For some Christians, faith and suffering are a contradiction in terms. If you are suffering because of sickness or other causes, they would say you haven’t got enough faith in God or you’re doing something wrong. But if you put your faith in God and live good lives, you’ll be shielded from pain and suffering and be rewarded with a life of blessing and prosperity. I once heard a preacher of this theological persuasion put it this way: “Jesus went through the wilderness for you so that you don’t have to go through it”. We know anecdotally, this is so far from reality.

A cursory reading of Hebrews 11 and 12 repudiates this notion completely. It is more a pagan than a Christian worldview that says, “God, scratch my back, and I’ll scratch yours”. The Bible clearly tells us that suffering that stretches and tests our faith will happen to all Christians. Look no further than Jesus’ words in John 16:33, “…In this world you will have trouble. But take heart! I have overcome the world”.

Daniel Hans is a Presbyterian minister in the United States. In 1986 he and his wife Beth lost their three-year-old daughter Laura to cancer. Daniel and Beth watched in agony as their little girl faced nine hospitalisations and four separate operations in the last nine months of her life. Their hearts broke as they watched Laura die, and they struggled to make sense of what had happened.

In 1987 Daniel Hans released a book containing some of the sermons he preached throughout his daughter’s battle with cancer and in the period immediately after her death. One of them is titled: “Caution. Your God is Too Big.” Hans relates how he once surveyed his congregation, asking them about their disappointments with God, prayers they had hoped God would answer but didn’t. People talked about times they had prayed for the life of a newborn child only to see it die; times they had prayed for God’s protection for his people from violence only to hear of an elderly woman being stabbed on her way to church. To these disappointments Hans now added his own.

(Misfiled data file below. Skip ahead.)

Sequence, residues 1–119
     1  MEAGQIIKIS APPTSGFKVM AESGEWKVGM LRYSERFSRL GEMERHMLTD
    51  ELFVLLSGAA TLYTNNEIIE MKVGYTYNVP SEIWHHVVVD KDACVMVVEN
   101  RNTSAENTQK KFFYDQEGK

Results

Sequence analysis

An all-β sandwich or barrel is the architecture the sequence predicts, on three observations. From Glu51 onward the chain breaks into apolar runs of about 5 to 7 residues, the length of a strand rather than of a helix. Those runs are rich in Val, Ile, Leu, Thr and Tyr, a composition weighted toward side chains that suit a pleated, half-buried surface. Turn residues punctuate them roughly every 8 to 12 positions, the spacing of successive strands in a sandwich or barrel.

Hans suggests that disappointments like these are the stuff of life, and that if we read the Scriptures, we discover that alongside the stories of miracles and amazing feats by God, we hear story after story of disappointment with God, of times God appears silent and inactive, like the book of Job. He suggests that sometimes we remember only the miracle stories and so we develop too big a view of God – not that we can have too big a view of God’s greatness and power or too big a view of God’s love and grace, but that we can have too big a view of God’s will.

God’s action in our world is not always to perform the miraculous, but more often than not to walk through our suffering with us. Hans suggests that “A view of God that is too big is harmful both to believer and unbeliever. When our understanding of God is exaggerated, we declare that God will do things he does not intend to do, at least not regularly and in all situations.”

Faith and suffering are not contradiction in terms. When God asks us to count it all joy when we experience trials and tribulations, he is no sadist! He is asking us to endure because he who suffered on the cross, walks with us in our suffering. Saints, there is a purpose to our suffering even if we can’t be certain of what it is. However, what we can be certain of is God and His will are always perfect and loving as revealed to us in Jesus Christ, the only true innocent sufferer. 

Grow our faith in You Lord!

Mark Ng